International Workshop for Doctoral Students with participation of AΦR

On Oct. 17th, 2022, International Workshop for Doctoral Students in Philosophy was held at the University of Zielona Góra (UZ). The meeting was organised by the Institute of Philosophy (UZ: Tomasz Mróz, Paweł Walczak) in cooperation with Faculty of Philosophy, University of Hradec Králové (UHK: Jaroslav Daneš, Michal Rigel), with a participation of the Doctoral School of Humanities and Social Sciences (UZ). Workshop took place in one of the seminar rooms in the University’s Library. The leaflet of the session’s schedule can be downloaded here. The workshop was held under the auspices of His Magnificence Rector (UZ), prof. dr hab. Wojciech Strzyżewski. The meeting was opened by the Deputy Rector for Science and International Cooperation (UZ), dr hab. inż. Marcin Mrugalski. Then the opening addresses were delivered by dr hab. Anna Wojciechowska (Head of the Doctoral School of Humanities and Social Sciences, UZ) and dr hab. Justyna Kroczak (Deputy Head of the Institute of Philosophy, UZ).

The schedule of the session was filled by the doctoral students’ papers, with a small representation of M.A. students, who presented central questions, hypotheses, and provisional structures of their dissertations. It was very interesting to learn the great variety of topics that attract attention of the young scholars nowadays, and to compare different methods and approaches applied in their research works. The topics included relations between ethics and various theories of evolution (Wai Fung Leung, UHK), comparison of Locke’s and Marx’ political theories (Vadzim Antsipau, UZ), study on Adorno’s negative dialectics (Hynek Kaplan, UHK), and an analysis of modern digital challenges for humanity (Doruk Kaynak, UHK).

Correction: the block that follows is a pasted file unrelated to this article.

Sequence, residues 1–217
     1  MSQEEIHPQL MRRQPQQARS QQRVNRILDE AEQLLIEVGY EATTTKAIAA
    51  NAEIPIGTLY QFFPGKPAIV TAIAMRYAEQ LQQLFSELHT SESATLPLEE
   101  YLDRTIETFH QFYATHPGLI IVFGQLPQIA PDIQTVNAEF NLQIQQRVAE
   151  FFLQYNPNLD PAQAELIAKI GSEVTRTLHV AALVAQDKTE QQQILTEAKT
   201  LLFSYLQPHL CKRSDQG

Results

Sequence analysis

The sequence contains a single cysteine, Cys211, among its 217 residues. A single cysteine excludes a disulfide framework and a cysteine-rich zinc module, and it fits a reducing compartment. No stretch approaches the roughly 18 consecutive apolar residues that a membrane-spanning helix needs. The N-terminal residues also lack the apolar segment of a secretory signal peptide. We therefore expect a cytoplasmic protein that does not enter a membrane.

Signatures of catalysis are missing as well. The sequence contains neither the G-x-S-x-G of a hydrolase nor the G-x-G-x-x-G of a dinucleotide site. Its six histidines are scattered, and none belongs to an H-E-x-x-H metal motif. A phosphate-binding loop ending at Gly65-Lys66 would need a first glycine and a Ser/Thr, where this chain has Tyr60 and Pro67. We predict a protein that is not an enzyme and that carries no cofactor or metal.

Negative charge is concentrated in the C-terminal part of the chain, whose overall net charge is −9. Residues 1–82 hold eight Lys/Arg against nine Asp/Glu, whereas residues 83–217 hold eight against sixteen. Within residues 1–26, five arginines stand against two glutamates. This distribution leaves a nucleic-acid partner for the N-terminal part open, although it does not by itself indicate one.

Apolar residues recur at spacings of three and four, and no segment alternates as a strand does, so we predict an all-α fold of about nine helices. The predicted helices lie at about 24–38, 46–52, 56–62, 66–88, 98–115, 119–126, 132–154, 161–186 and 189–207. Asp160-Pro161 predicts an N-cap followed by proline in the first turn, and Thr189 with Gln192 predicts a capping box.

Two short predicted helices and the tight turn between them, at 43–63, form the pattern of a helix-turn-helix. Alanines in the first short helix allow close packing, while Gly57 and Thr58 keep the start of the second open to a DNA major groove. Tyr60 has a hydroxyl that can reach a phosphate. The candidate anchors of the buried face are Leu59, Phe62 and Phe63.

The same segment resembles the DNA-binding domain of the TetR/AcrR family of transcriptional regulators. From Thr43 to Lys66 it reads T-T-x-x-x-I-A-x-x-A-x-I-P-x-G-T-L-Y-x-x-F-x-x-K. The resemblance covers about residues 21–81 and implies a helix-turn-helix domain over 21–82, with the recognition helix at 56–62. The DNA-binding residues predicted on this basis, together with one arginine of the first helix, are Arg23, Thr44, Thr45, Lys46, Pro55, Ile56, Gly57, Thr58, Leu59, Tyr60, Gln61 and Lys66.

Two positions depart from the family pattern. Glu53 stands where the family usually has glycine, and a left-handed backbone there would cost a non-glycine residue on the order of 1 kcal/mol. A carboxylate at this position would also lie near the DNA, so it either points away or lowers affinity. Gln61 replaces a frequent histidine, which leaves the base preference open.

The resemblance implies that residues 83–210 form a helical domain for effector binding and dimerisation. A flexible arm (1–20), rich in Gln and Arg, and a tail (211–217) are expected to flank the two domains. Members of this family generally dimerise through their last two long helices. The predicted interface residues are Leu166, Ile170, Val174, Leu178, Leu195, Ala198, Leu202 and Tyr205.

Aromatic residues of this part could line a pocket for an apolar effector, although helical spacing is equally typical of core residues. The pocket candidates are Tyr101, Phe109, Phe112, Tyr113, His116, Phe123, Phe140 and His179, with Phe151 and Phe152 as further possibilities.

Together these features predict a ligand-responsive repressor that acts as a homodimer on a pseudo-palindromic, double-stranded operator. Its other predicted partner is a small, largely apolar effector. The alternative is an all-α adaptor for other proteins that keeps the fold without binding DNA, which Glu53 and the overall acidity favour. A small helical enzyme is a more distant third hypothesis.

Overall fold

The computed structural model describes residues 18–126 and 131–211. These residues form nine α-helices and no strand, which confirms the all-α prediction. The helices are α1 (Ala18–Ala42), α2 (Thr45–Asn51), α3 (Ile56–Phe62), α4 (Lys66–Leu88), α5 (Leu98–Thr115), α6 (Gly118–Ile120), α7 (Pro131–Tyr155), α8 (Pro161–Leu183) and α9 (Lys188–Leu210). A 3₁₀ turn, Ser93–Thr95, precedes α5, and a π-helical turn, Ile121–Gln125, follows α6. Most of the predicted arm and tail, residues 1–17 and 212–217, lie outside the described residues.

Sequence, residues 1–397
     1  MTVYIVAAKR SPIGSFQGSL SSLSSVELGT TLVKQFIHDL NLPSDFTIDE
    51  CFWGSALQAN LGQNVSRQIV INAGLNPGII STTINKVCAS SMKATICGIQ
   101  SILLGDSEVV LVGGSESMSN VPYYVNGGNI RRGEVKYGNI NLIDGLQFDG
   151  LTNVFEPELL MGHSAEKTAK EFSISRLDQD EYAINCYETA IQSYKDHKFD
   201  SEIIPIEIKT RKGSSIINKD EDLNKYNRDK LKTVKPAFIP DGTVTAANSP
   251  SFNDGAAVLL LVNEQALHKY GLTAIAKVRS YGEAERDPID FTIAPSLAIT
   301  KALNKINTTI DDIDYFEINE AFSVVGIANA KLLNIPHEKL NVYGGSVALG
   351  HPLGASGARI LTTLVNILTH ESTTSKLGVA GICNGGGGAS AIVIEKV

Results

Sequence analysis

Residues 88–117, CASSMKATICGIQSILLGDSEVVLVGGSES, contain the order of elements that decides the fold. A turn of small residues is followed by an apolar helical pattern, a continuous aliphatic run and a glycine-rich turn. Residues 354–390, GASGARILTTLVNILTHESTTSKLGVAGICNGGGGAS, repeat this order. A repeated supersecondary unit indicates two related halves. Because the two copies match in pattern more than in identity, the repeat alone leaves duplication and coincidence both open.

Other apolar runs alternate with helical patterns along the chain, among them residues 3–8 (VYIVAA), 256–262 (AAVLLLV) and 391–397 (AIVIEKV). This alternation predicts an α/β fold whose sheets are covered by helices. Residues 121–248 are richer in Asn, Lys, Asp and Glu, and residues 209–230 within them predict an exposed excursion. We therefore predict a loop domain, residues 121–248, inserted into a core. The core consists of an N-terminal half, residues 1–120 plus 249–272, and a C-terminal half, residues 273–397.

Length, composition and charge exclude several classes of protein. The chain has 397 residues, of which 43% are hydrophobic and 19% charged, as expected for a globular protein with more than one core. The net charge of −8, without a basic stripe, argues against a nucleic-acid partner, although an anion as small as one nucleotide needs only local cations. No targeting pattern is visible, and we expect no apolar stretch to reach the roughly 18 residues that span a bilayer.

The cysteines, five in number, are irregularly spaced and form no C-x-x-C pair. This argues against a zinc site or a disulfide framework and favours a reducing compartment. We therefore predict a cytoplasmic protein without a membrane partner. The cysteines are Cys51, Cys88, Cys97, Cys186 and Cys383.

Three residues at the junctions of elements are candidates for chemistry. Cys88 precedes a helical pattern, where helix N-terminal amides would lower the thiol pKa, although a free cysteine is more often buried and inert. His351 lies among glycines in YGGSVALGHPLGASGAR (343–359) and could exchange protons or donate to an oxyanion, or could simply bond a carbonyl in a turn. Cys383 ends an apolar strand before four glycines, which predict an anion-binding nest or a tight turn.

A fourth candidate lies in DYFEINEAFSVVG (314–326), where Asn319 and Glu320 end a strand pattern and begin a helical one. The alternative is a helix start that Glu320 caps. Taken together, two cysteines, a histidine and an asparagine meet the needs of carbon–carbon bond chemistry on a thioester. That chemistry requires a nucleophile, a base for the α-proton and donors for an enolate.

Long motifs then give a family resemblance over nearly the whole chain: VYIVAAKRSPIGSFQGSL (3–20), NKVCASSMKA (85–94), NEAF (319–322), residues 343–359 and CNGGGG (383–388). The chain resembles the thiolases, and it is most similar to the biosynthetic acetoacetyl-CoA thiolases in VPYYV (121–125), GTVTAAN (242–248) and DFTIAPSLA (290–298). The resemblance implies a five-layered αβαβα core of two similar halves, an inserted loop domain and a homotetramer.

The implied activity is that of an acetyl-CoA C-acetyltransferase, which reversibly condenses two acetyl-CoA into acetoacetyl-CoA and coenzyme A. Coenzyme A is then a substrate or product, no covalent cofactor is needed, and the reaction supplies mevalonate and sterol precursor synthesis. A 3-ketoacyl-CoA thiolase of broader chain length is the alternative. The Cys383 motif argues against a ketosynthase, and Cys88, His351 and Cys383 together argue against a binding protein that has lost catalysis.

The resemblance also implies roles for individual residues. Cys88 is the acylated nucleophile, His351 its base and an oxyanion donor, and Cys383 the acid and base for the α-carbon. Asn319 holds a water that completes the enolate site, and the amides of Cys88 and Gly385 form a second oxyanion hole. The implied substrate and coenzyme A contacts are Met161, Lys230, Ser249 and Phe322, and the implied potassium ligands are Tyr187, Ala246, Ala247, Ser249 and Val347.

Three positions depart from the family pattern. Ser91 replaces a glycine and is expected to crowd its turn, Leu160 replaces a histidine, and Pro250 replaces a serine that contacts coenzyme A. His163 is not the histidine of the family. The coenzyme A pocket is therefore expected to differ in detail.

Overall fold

Two members of AΦR research group presented their papers, and at the same time sketched their dissertation plans. Mariam Sargsyan discussed her doctoral subject, that is, Henryk Jakubanis (1879–1949) as a Researcher of Ancient Philosophy and Its Reception. Her synthetic study will consist of a research of Jakubanis’ biography, works and his significance as a historian of philosophy. A display of some archival findings was an additional value of M. Sargsyan’s presentation.

Adrian Habura’s paper was titled Aristotle as an inspiration and research subject of Władysław Tatarkiewicz (1886-1980). He presented his conclusions resulting from a detailed research in Tatarkiewicz’s writings. One of them was regarding Aristotle as the most important philosophical inspiration of Tatarkiewicz (or at least one of the most important). Habura pointed to a relations between Tatarkiewicz’s interpretation of Stagirite’s philosophy and his own philosophical investigations in the field of methodology, theory of cognition, axiology, ethics, and aesthetics. In all these fields of Habura discovered Aristotelian influences on Tatarkiewicz.